The conventional wisdom these days is that the best thing that can happen to turn around President Obama's political misfortunes is a government shutdown along the lines of what happened the last time Republicans took control of the House of Representatives in 1994. Larry Sabato, one of our top conventional wisdom setters, recently told the Guardian that "Obama should hope he's lucky enough to get a government shutdown."
Sabato is right that the 1995 shutdown showdown was a disaster for the Republicans, as Bill Clinton outmaneuvered House Speaker Newt Gingrich and reclaimed the political momentum. He is also right that were things to play out the same way as last time, Obama would certainly benefit. But just as the music scene has changed since the grunge heyday of the mid-1990s, so have things on the political front, and in ways that could make a future showdown on government spending turn out very differently from the last time a first-term Democratic President and a new Republican Speaker clashed.
First, the incoming Republican speaker, John Boehner, is no Newt Gingrich, by his own admission. Boehner was part of the Republican leadership last time around, but he is the only one still in Congress, as Gingrich, Majority Leader Dick Armey, Whip Tom DeLay, and Policy Chairman Chris Cox, have all moved on, and not always to bigger and better things. Boehner, who was jettisoned after the attempted leadership coup against Gingrich in July of 1997, climbed his way back by putting his head down and legislating. After his ouster from the GOP leadership, Boehner went to work as Chairman of the Education and Workforce committee, and focused on scoring legislative accomplishments. This workmanlike approach, coupled with the fact that he witnessed the 1995 disaster first hand, means that he won't be trapped into making the same kind of tactical and rhetorical mistakes that Clinton goaded Gingrich into making.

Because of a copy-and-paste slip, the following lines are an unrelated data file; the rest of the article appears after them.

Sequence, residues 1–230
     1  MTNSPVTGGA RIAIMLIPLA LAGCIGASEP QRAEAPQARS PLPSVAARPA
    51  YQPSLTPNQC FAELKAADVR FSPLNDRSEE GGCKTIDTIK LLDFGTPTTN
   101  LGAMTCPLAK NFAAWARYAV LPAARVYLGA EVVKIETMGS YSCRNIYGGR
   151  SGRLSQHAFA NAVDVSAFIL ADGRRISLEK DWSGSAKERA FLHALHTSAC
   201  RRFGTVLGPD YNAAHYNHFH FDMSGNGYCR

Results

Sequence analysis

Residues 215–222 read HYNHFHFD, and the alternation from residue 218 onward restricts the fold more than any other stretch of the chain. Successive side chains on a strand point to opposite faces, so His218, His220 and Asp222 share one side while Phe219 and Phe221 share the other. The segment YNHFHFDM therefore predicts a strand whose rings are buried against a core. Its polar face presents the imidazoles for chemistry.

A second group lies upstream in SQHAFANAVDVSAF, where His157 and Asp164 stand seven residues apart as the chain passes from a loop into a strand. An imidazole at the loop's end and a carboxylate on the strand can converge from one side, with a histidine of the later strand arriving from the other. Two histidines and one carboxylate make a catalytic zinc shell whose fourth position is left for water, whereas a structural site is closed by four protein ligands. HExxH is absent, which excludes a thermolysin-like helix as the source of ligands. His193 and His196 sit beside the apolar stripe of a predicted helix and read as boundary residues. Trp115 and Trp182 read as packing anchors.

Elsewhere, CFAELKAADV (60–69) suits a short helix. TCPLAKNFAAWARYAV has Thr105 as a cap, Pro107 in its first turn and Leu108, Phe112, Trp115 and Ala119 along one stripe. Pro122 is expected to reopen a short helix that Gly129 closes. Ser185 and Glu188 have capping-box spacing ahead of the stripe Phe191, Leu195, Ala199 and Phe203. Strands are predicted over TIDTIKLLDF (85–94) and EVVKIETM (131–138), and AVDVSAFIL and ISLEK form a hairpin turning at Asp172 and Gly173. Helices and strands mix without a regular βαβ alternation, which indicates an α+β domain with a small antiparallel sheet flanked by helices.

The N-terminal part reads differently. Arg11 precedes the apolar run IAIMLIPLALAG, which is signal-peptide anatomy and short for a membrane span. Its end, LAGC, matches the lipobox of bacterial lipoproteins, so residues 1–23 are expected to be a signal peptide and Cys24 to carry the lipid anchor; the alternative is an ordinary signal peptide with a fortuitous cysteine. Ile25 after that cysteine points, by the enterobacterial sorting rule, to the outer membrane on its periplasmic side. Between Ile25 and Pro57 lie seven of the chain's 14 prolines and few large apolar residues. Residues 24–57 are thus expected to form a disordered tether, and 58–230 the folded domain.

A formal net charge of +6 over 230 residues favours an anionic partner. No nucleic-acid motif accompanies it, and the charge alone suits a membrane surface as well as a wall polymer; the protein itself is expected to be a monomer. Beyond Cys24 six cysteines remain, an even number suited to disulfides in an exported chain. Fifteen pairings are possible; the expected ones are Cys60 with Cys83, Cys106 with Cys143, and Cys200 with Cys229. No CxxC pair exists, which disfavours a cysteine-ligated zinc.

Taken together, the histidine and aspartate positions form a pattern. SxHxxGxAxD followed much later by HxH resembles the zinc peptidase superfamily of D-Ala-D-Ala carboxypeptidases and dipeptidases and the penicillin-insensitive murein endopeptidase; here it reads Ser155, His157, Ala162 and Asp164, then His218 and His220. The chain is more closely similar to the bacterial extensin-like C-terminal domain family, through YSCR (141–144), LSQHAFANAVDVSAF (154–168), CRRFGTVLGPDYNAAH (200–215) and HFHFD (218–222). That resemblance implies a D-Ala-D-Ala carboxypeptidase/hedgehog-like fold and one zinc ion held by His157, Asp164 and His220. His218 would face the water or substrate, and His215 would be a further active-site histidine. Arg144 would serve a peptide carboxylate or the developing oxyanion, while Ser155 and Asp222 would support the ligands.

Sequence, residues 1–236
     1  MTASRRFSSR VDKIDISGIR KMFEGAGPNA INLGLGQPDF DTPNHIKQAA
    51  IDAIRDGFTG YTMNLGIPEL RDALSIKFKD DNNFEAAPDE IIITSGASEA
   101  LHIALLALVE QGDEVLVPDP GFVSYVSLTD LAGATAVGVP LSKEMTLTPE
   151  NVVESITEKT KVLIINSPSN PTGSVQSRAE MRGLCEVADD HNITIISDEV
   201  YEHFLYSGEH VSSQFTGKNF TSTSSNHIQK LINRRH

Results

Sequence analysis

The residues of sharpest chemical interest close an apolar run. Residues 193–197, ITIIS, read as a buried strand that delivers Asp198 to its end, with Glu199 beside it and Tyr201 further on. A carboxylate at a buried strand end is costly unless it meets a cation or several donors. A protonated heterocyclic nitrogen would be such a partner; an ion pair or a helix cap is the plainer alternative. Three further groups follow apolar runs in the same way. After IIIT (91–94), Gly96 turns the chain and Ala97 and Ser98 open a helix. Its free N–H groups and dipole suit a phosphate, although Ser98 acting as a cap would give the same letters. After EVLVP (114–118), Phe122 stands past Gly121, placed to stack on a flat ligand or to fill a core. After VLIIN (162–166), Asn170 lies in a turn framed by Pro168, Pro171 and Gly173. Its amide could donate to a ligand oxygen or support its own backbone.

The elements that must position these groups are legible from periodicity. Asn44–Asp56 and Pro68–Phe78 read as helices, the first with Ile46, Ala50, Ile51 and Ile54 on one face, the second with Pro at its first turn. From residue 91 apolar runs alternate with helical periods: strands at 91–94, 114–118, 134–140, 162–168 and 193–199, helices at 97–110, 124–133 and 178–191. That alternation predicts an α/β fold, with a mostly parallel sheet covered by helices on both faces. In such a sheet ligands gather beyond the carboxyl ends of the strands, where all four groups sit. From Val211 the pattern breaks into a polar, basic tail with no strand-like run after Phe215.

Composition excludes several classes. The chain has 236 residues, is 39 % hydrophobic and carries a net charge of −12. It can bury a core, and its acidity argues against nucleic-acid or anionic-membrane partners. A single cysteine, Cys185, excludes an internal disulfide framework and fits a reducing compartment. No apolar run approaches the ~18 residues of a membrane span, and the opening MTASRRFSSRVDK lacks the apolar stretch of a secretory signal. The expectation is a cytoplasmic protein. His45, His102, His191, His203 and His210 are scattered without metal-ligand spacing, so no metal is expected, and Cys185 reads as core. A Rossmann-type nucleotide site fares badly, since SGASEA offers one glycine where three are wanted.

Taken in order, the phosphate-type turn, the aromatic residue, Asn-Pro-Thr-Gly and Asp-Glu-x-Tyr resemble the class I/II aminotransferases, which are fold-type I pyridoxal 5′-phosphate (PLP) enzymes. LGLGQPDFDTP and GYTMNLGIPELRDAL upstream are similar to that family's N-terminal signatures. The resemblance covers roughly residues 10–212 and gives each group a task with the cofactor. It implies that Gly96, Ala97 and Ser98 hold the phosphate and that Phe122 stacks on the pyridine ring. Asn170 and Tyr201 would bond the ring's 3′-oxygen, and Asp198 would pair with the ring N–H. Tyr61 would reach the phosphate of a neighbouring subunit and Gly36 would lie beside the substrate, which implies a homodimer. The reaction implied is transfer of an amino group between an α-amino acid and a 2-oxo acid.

Second, the GOP conference is a very different body these days, shaped by a public that is far more skeptical of spending and wary of government debt than Americans were in the mid-1990s. We are now operating in a post-Greece, post-meltdown environment, and the American people understand that spending cannot continue unchecked, and that unmanageable levels of debt will have a significant impact on our economy and our national security. In addition, the GOP caucus that Boehner will lead will be much different from the Gingrich caucus. Like the American people, they have become more skeptical of spending as well, especially the incoming GOP freshmen. As Fred Barnes recently observed, "[m]ost of the 80-plus new members are spending hawks." If Boehner, aided by reigning Washington budget expert Paul Ryan, offers a credible alternative and a rationale for his actions, he should have both his own caucus and a majority of the country behind him.
Finally, and perhaps most importantly, the incoming House GOP now has access to a conservative media apparatus that their 1994 counterparts could not have imagined. In 1994, the main conservative outlets were talk radio, the Wall Street Journal editorial page, the National Review, and Commentary. Today, those are joined by a far greater variety of outlets, both print (the Weekly Standard, National Affairs), and on the web (National Review Online, Drudge, Daily Caller, and many more). They also now have a favorable TV outlet in the form of Fox News. As a result, the new House GOP is not limited in getting their message out via the New York Times and the network news. In a crisis, they can tell their side of the story and be assured of a fair hearing in many key outlets, a new capacity that helps keep the mainstream media honest as well.
Add up these three factors and the GOP is in far better shape to survive a budget showdown with a weakened President Obama than Gingrich was in the mid-1990s. This does not mean the GOP would be a lock to win such a face-off, but it does mean that they will now have more than just a fighting chance.